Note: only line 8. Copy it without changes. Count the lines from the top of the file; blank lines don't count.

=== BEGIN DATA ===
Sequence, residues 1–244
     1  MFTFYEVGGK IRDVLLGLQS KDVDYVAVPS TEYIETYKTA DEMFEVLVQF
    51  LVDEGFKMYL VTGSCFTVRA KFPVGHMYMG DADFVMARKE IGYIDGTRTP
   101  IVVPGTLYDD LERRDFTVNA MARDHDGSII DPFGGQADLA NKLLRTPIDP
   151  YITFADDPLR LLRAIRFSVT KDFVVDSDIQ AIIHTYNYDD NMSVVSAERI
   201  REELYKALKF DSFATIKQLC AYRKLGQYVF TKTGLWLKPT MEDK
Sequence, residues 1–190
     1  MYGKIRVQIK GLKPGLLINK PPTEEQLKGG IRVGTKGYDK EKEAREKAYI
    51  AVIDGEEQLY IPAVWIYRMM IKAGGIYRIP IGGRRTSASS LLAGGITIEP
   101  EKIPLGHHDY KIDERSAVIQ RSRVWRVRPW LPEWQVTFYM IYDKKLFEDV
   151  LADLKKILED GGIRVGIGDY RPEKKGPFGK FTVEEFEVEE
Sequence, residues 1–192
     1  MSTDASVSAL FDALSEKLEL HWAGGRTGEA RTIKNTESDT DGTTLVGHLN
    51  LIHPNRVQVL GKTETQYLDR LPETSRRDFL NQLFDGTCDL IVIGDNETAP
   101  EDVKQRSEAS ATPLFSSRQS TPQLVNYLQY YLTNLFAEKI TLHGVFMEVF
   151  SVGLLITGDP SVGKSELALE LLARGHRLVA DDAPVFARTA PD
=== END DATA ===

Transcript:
     1  MYGKIRVQIK GLKPGLLINK PPTEEQLKGG IRVGTKGYDK EKEAREKAYI